this.timeDelayListener = new TimeDelayFullfillEvents();
this.timeDelayListener.AddEvent(this.timeDelayRequ estor);
}

/// <summary>
/// Create a static instance of this class.
/// </summary>
static readonly GlobalData instance = new GlobalData();
/// <summary>
/// References the data regarding the time delays for the testing
/// </summary>
private TimeDelayEventData timeDelayData;
/// <summary>
/// Reference to the event handler to fulfill the event of passing
time delay data to the global data structure
/// </summary>
private TimeDelayFullfillEvents timeDelayListener;
/// <summary>
/// Reference to the event handler to request time delay events
/// </summary>
private TimeDelayRequestEvents timeDelayRequestor;

/// <summary>
/// Get a reference to this instance of this class.
/// </summary>
public static GlobalData Instance
{
get { return GlobalData.instance; }
}

/// <summary>
/// Get a reference to the time delay data.
/// </summary>
public TimeDelayEventData MyTimeDelayData
{
get
{
return this.timeDelayData;
}
}

/// <summary>
/// Get a reference to the time delay requestor
/// </summary>
public TimeDelayRequestEvents MyTimeDelayRequestor
{
get
{
return this.timeDelayRequestor;
}
}
}
}
Here is my TimeDelayEventData struct...

using System;
using System.Collections.Generic;
using System.Text;

namespace TestSamples
{
public struct TimeDelayEventData
{
/// <summary>
/// Ignore the date when asked to run the test
/// </summary>
private bool ignoreDate;
/// <summary>
/// This enum identifies the data that is to be updated
/// </summary>
private TimeDelayIdentifiers timeDelayIdentifier;

/// <summary>
/// Get or set the flag indicating that the date should be ignored
when asked to run the test
/// </summary>
public bool IgnoreDate
{
get
{
return ignoreDate;
}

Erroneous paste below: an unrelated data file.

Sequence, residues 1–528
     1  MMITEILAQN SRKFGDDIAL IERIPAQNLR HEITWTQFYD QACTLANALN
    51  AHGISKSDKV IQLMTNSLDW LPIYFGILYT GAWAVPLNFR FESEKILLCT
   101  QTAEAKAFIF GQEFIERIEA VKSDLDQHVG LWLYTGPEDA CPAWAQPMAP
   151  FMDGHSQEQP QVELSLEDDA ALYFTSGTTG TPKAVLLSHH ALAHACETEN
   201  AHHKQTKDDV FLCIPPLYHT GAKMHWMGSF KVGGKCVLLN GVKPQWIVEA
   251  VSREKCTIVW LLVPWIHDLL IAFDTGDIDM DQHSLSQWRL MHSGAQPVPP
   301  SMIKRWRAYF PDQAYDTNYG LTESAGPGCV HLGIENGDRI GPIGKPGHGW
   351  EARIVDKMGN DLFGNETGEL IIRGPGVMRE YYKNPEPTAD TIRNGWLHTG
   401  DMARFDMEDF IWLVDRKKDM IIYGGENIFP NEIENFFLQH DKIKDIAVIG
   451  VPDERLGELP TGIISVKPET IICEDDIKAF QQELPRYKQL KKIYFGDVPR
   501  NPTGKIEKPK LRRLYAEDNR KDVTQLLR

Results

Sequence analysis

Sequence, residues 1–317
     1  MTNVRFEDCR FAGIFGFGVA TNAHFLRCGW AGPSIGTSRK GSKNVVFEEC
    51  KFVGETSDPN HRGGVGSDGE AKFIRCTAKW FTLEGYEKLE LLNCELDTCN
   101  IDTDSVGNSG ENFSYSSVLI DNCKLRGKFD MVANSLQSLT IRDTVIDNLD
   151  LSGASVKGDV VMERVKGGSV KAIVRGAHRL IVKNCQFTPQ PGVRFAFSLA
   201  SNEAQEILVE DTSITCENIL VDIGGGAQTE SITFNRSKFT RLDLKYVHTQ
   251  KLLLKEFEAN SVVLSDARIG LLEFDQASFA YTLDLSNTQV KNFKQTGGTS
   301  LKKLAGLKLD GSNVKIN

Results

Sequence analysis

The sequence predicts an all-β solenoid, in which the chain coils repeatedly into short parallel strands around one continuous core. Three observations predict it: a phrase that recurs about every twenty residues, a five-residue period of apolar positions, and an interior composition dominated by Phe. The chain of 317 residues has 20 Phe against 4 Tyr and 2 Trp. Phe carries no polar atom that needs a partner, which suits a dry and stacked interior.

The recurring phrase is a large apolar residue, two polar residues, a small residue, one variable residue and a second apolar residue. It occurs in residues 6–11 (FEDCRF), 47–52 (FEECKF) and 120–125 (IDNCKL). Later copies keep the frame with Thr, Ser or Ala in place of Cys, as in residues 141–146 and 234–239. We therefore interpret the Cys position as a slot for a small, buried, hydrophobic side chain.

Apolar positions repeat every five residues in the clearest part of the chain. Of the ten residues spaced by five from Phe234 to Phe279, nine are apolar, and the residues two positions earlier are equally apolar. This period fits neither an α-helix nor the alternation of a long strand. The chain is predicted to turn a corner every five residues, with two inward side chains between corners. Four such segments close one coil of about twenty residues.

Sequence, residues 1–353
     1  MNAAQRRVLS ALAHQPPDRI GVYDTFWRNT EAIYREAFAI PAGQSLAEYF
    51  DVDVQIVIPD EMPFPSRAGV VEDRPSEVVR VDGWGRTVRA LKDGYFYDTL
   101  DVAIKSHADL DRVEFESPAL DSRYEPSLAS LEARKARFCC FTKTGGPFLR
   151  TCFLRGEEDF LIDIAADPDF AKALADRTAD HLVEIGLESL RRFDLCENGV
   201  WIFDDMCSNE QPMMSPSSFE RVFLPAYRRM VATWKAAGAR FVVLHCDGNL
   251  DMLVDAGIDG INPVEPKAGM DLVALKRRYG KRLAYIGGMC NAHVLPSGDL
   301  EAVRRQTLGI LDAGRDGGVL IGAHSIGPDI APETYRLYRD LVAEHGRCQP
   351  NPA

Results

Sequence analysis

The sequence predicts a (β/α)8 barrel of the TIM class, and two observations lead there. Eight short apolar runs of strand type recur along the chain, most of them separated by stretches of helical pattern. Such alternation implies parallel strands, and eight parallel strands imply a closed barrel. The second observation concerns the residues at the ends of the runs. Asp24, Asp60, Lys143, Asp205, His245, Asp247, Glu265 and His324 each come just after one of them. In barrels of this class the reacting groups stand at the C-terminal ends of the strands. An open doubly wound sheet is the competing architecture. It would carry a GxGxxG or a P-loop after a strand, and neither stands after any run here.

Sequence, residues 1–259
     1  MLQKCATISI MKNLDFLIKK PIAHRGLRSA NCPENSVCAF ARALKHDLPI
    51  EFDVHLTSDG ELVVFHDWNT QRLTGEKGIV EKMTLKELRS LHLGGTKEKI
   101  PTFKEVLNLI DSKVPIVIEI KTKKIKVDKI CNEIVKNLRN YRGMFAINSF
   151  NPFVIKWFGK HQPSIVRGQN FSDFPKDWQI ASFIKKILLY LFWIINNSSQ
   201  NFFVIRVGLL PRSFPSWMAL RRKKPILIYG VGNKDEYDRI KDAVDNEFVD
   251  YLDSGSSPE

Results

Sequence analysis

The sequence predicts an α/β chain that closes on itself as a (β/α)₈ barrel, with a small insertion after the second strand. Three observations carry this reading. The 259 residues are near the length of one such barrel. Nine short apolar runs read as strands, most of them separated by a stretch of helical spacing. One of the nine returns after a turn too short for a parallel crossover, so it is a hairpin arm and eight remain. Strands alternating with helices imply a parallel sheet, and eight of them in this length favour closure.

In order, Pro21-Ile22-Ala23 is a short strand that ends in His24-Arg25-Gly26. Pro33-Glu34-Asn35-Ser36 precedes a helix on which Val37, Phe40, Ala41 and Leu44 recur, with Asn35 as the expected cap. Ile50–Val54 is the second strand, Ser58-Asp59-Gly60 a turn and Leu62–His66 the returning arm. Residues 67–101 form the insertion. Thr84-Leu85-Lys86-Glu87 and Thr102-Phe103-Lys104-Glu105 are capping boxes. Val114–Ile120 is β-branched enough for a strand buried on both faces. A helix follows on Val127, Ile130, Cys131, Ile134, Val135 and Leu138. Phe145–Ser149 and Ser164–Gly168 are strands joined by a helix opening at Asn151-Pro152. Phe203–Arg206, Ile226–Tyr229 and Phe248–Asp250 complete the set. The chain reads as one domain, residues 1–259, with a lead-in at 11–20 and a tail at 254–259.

set
{
ignoreDate = value;
}
}
/// <summary>
/// Get or set the identifier that identifies the data to be updated
in the event
/// </summary>
public TimeDelayIdentifiers Identifier
{
get
{
return timeDelayIdentifier;
}
set
{
timeDelayIdentifier = value;
}
}
}
}

Here is my event handler classes...

using System;
using System.Collections.Generic;
using System.Text;

namespace TestSamples
{
/// <param name="hourData">This structure identifies and contains the
data to be sent to the event</param>
public delegate void TimeDelayEventHandler(TimeDelayEventData data);

public class TimeDelayRequestEvents
{
/// <summary>
/// This event requests an update to the hour data.
/// </summary>
public event TestSamples.TimeDelayEventHandler
timeDelayUpdateRequestEvent;

/// <summary>
/// Default constructor
/// </summary>
public TimeDelayRequestEvents()
{
}

/// <summary>
/// Issue the request to update the hour data.
/// </summary>
/// <param name="obj">Time Delay data to be updated when an event
occurs</param>
private void RequestUpdateEvent(TimeDelayEventData obj)
{
if (timeDelayUpdateRequestEvent != null)
timeDelayUpdateRequestEvent(obj);
}

/// <summary>
/// Make the request to update the data being passed for time delay
information.
/// </summary>
/// <param name="obj">Time Delay data to be udpated when an event
occurs</param>
public void OnUpdate(TimeDelayEventData obj)
{
RequestUpdateEvent(obj);
}
}

/// <summary>
/// This class handles all fullfillments requests for updating the
global data representing the time delay data.
/// </summary>
public class TimeDelayFullfillEvents
{
/// <summary>
/// References the request to handle a time delay event
/// </summary>
private TimeDelayRequestEvents requestEvent = null;
/// <summary>
/// Default constructor